Thankfully, though, Cuba, like other oppressive regimes, value their prowess in the Arts and especially ballet with such high technical values and can suppress artistic freedom.  It is a life well worth learning about.  As with life’s real stars of the stage, it has been these triumphs over adversity that makes them so much more interesting and depth of interpretation due to their challening circumstances.

Next book: Helen Lewis, ‘A Time to Speak’, Auschwitz survivor and founder of the Belfast Modern Dance Group.

Who are Friends of Ballet NI

We are a group of enthusiasts of what we consider to be on of the greatest art-forms in the World. We share the common the bond of trying to be Darcy Bussell’s or Carlos Acosta’s every Friday night at the Crescent Arts Centre, taking part in their Second Chance Ballet class but we have extended our interest of ballet, past trying to perfect our pirouettes and arabesques to supporting and promoting ballet by talking about it, tweeting and blogging and attending as many events as we can. Our following of ballet has become insatiable and we voraciously seek out more information by following other ballet blogs and linking these to our Twitter sites which will take your knowledge from basic to, possible, A Level standard.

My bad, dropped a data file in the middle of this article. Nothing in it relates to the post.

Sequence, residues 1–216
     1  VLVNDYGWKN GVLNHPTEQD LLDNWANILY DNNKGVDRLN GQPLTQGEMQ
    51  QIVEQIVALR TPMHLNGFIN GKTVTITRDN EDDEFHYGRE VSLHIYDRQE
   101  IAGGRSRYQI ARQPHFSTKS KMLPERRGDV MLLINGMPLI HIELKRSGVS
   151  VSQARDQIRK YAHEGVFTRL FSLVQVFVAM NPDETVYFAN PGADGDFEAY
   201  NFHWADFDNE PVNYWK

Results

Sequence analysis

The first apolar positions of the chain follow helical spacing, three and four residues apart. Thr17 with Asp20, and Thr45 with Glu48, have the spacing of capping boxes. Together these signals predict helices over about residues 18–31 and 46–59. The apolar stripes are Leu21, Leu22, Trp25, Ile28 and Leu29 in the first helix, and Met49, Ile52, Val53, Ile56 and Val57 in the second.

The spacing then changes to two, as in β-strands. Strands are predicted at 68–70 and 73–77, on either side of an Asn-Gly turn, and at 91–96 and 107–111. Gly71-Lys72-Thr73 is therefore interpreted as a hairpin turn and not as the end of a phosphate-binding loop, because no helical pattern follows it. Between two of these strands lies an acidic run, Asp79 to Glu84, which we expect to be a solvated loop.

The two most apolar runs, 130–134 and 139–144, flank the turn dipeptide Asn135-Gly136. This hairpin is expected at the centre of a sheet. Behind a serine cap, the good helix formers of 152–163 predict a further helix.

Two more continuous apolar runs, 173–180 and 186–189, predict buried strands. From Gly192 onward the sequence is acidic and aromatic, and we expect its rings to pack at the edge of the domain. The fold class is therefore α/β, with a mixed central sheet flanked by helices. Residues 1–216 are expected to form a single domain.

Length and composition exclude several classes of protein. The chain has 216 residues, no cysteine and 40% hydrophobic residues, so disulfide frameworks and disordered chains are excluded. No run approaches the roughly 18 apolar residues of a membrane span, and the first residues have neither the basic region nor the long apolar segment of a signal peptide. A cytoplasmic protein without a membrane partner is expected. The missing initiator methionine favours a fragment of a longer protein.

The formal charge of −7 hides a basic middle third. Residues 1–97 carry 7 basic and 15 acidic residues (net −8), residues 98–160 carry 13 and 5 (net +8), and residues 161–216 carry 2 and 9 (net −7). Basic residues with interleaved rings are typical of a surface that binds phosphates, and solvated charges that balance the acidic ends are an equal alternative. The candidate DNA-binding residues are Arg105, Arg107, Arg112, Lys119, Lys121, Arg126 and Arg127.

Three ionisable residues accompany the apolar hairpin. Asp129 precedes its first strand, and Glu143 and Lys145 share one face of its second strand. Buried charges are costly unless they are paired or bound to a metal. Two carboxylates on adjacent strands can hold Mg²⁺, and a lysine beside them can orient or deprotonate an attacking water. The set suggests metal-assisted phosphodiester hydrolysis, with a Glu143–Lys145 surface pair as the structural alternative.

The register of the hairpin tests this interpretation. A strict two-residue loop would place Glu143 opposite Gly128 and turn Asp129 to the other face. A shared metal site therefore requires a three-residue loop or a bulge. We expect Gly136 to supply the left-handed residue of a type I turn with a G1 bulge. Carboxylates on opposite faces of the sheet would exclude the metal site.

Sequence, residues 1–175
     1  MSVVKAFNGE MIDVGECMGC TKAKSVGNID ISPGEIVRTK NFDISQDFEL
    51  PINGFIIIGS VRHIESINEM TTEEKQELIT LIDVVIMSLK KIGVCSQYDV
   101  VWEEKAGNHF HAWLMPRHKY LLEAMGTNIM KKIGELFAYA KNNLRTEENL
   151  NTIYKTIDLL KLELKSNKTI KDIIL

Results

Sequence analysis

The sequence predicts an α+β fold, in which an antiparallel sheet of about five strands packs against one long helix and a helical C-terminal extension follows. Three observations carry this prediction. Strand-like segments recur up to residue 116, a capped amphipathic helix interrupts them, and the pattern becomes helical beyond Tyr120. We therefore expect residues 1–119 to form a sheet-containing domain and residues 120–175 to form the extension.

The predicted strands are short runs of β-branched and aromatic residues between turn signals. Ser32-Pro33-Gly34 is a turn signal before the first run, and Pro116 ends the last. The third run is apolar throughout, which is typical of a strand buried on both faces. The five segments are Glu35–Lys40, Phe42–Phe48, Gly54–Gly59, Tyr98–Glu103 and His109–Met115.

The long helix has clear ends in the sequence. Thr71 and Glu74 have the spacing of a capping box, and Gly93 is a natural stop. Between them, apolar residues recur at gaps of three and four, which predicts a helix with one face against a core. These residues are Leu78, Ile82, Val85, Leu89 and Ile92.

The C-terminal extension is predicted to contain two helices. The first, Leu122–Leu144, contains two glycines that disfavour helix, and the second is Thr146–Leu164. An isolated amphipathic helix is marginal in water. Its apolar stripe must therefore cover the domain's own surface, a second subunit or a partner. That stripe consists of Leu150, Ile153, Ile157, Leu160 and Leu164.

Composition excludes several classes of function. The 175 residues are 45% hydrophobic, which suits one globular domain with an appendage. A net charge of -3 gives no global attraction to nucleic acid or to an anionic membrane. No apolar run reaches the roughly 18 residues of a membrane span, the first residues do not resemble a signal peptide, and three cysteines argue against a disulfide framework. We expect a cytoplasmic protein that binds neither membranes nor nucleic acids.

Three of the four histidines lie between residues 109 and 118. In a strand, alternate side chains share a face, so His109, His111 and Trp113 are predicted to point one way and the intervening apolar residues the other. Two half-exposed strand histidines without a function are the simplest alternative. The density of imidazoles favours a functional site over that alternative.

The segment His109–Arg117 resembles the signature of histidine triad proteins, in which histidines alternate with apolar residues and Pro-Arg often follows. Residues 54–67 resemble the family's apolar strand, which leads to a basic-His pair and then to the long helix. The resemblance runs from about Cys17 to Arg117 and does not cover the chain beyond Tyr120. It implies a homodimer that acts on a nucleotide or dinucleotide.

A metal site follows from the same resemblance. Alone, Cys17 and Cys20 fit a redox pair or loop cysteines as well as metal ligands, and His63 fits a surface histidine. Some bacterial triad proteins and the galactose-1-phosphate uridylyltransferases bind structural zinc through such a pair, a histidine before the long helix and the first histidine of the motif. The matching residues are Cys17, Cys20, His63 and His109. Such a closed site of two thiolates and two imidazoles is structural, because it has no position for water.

Recently, we made the decision, as a group, to actively promote ballet in Northern Ireland through social media as social media is making Arts accessible to so many more people and hopefully providing a forum for all the existing ballet supporters in Northern Ireland to chat and discuss and come together as a more cohesive group and hopefully see this glorious art-form growing strong in this province again.

We would like to see our stars such as Melissa Hamilton, leading lady at the Royal Ballet, dominating our media for the purity of her talent than someone who is celebrated for not very much.

If you feel the same sort of passion for ballet as we do, please join us and share your experiences.